Oh bother. When I read back through this, I can see that I must be very difficult to live with these days. I really try to put on a brave face. But I keep seeing the scenes from that movie. It doesn’t show how Tom dies. No one knows exactly – the last anyone saw him was either in the first-class smoking room, or on deck, throwing chairs and doors to people in the water.

But I see him. I see him die a hundred different ways in my dreams. And I can’t let it go. I can’t stop these thoughts, and my every attempt at bravado falls flat. 

If we can travel back through time… why can’t we stop it, too?

 

Character’s Corner: Journal Entry of Thomas Andrews, 02 January 1912

Casey and Sam are fond of celebrating the New Year, but as I had to work yesterday, we did not stay up much past midnight on Sunday. In fact, we had a rather abrupt end to New Year’s Eve celebrations. As the clock struck midnight, I turned to Casey, expecting to kiss her. Instead, she just burst into tears. Not a very reassuring sight for a husband to see!

I was distraught, of course, to see her so upset. Still, I cannot say I was surprised. For Casey, the year of 1912 brings her worst nightmares to fruition. She has been on edge for months already, but when the year actually changed from 1911 to 1912, she reached a new depth of despair.

I do my best to reassure her, but the simple truth is that it is just not as real to me as it is to her. I truly believe everything she and Sam have told me about Titanic. I have done everything that Sam and I can think to do, to help the ship survive if she hits an iceberg. But the reality of it… well, I don’t know how to put it, exactly. I just know it’s more real to them. To me, it’s a story – a warning that something will go wrong, and a chance to prevent it. But it hasn’t happened yet, and like any prophecy, it’s possible that it will never come to pass. God knows, I take the warning seriously. But it’s still not real.

To Casey and Sam – it happened. They’ve seen the pictures, read the newspaper articles, even seen films of the actual ship in her bed at the bottom of the Atlantic. I believe that is what Casey sees when she thinks of Titanic. She doesn’t see Ship 400, growing grand in her slip at the yard. She sees the broken vessel, covered with sea plants and bottom-feeders, rusting through a haze of seawater.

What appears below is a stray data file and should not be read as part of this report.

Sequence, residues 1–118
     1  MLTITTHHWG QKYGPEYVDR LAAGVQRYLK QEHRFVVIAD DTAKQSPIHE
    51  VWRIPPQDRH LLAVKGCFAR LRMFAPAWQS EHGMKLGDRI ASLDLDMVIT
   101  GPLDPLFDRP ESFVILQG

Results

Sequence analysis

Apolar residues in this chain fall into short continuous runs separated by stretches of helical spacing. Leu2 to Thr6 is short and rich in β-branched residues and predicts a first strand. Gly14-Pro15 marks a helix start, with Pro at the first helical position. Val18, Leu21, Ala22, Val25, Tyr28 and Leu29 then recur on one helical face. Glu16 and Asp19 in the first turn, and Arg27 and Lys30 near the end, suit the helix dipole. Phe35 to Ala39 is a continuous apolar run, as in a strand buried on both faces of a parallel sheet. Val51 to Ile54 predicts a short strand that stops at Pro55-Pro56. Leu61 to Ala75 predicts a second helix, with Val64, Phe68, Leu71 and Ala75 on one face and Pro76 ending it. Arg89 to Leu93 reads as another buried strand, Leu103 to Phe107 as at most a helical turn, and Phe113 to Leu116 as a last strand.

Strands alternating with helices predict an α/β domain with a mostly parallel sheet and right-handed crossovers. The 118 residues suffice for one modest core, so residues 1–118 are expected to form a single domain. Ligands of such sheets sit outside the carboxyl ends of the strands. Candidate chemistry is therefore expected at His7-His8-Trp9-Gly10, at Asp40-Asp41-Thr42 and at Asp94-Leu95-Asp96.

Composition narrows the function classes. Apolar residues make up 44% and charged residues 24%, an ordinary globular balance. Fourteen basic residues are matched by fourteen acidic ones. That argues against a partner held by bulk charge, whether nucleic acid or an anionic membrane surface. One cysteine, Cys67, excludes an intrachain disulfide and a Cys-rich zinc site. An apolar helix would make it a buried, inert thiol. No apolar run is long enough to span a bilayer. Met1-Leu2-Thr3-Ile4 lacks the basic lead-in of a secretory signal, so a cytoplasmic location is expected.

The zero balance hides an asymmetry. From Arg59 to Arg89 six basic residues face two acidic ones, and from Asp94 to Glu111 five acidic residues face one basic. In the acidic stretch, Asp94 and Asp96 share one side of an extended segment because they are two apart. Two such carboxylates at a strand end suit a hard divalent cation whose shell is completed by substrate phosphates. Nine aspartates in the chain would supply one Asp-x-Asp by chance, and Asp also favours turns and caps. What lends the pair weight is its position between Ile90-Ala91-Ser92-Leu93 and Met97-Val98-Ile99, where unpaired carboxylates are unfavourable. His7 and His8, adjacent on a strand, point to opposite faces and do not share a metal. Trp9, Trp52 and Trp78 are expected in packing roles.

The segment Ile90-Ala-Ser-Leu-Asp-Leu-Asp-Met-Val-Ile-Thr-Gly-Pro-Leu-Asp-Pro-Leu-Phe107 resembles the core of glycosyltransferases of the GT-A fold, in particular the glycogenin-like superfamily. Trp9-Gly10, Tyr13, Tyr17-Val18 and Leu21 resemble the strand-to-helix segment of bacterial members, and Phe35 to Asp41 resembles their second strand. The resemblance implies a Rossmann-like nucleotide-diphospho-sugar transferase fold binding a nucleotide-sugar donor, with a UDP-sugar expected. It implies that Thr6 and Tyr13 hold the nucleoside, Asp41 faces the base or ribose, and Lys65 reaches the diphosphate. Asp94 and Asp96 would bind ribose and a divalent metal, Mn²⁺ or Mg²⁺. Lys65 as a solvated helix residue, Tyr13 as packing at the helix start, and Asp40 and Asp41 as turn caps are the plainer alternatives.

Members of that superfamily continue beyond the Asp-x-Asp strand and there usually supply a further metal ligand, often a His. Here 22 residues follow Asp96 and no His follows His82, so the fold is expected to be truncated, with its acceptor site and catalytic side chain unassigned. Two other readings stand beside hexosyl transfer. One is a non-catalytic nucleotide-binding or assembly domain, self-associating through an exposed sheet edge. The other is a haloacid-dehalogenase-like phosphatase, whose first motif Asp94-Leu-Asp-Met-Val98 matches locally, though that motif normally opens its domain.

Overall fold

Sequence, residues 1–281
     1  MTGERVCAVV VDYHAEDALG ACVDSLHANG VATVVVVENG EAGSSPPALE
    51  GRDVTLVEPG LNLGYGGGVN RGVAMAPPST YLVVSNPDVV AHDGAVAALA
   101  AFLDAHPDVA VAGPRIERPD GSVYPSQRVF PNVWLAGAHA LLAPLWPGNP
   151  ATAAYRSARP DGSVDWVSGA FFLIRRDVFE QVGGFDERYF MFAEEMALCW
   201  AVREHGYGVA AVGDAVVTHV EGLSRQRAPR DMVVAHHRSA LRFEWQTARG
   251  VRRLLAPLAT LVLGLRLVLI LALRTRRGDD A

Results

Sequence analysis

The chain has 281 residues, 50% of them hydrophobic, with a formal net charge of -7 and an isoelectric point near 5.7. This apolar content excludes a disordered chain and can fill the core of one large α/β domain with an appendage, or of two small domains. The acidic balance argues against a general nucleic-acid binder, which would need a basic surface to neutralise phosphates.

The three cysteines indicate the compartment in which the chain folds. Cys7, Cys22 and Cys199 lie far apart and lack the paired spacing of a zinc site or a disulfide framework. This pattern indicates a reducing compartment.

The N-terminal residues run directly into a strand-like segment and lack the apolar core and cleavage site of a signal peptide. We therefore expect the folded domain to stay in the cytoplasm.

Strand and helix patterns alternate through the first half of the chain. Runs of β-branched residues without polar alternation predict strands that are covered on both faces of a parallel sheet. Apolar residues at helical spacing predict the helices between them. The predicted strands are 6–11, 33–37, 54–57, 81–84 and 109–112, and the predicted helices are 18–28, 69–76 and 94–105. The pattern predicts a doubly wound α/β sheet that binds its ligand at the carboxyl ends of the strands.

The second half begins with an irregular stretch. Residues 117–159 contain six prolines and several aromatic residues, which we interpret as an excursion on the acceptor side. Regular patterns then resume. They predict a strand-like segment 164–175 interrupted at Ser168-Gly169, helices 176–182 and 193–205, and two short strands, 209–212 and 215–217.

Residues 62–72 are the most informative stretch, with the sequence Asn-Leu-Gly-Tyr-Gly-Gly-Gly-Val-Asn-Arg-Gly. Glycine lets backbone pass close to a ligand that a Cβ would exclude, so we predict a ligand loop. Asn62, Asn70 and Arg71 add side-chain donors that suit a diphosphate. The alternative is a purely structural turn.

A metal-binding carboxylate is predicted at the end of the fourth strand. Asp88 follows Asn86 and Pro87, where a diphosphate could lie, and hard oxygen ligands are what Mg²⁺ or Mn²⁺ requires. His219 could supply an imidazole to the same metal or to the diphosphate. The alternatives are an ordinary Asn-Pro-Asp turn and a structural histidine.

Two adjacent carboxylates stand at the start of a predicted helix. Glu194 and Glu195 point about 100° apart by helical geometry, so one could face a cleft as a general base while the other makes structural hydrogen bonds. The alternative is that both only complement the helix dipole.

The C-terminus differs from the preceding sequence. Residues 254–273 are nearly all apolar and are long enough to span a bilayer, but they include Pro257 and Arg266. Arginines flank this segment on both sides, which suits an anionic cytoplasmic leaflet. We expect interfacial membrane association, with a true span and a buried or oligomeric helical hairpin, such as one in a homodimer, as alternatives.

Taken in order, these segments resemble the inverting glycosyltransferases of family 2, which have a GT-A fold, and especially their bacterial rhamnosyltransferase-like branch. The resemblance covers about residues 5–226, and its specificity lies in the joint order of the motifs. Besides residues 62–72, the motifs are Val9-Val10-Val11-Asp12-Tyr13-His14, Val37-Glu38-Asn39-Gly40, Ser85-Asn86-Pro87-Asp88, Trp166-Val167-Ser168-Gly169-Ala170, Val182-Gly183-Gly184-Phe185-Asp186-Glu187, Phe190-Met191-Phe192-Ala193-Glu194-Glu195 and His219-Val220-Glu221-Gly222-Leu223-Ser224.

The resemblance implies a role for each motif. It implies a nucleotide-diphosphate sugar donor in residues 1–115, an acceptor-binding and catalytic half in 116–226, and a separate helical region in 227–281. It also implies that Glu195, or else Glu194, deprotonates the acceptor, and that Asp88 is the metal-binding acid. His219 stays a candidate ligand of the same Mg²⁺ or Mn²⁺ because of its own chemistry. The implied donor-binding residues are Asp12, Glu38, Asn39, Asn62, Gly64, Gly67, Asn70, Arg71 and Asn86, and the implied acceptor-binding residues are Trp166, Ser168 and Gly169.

What a curse this time travel is! A blessing – yes, and one I am grateful for. But a curse, nonetheless, that brings my wife such sorrow.

Journal Entry: Casey Wilson, 10 August 1906

Sam brought home a gramophone, today. We have more money now, which means better shelter, better food, better clothes. But that silly gramophone did more to make me feel normal than anything has done since we came here.

Music is back in my life. It’s scratchy, corny, early-twentieth-century music – but it’s back. 

Journal Entries: Casey, 5 June 1906

So here we are: time travelers from the future, just like on Star Trek. Except we’re poor and hungry and dirty. Sam is still sick. Sometimes, I’m tempted to turn us in – go to some officials with our modern gadgets and convince them of what we are. Offer to give them future information in exchange for a decent living. But what information? What will they do with it? Would it make things worse?

Journal Entry in Time Travel Journal # 1 of Casey Wilson, June 5, 1906

Journal Entry, 25 January 1906

Time travel used to be an experiment, a switch flipped in a laboratory. Now it’s the buildings around me, the people in the street, the smell of coal in the air. Scared? I’m bloody terrified.

Entry in Time Travel Journal # 17* of Samuel Altair, January 25, 1906

*Journals 1–16 are in the future. I have decided to keep the numbering consistent, in case those journals are found.

Journal Entry of Sam Altair, 16 June, 1906

When Casey and I decided to keep journals of our experiences in 1906, we had no real plans to try and change our history. We always knew it was a possibility. Two people who have moved backwards through time, and are living in the past, will cause changes that affect the future. Just being alive will cause that, no matter how careful we try to be.

But now something has happened, and we are considering: should we try to deliberately change an event?